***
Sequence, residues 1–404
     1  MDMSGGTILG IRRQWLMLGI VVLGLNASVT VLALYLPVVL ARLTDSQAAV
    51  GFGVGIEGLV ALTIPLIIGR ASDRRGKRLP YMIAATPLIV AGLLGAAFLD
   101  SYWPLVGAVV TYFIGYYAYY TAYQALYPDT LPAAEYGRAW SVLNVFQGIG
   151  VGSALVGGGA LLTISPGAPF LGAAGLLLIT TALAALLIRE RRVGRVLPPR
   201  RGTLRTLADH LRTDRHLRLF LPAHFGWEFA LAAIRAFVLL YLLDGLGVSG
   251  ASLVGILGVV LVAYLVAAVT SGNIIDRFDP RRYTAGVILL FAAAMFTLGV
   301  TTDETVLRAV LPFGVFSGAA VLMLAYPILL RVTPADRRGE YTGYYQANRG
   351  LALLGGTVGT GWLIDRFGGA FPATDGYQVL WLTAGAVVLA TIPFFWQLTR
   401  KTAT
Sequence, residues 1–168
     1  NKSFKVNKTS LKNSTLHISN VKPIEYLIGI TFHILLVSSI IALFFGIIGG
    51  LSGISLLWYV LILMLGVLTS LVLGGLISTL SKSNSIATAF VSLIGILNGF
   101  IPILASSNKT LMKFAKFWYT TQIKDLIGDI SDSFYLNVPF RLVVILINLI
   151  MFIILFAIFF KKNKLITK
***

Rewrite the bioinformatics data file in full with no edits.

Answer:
Sequence, residues 1–404
     1  MDMSGGTILG IRRQWLMLGI VVLGLNASVT VLALYLPVVL ARLTDSQAAV
    51  GFGVGIEGLV ALTIPLIIGR ASDRRGKRLP YMIAATPLIV AGLLGAAFLD
   101  SYWPLVGAVV TYFIGYYAYY TAYQALYPDT LPAAEYGRAW SVLNVFQGIG
   151  VGSALVGGGA LLTISPGAPF LGAAGLLLIT TALAALLIRE RRVGRVLPPR
   201  RGTLRTLADH LRTDRHLRLF LPAHFGWEFA LAAIRAFVLL YLLDGLGVSG
   251  ASLVGILGVV LVAYLVAAVT SGNIIDRFDP RRYTAGVILL FAAAMFTLGV
   301  TTDETVLRAV LPFGVFSGAA VLMLAYPILL RVTPADRRGE YTGYYQANRG
   351  LALLGGTVGT GWLIDRFGGA FPATDGYQVL WLTAGAVVLA TIPFFWQLTR
   401  KTAT
Sequence, residues 1–168
     1  NKSFKVNKTS LKNSTLHISN VKPIEYLIGI TFHILLVSSI IALFFGIIGG
    51  LSGISLLWYV LILMLGVLTS LVLGGLISTL SKSNSIATAF VSLIGILNGF
   101  IPILASSNKT LMKFAKFWYT TQIKDLIGDI SDSFYLNVPF RLVVILINLI
   151  MFIILFAIFF KKNKLITK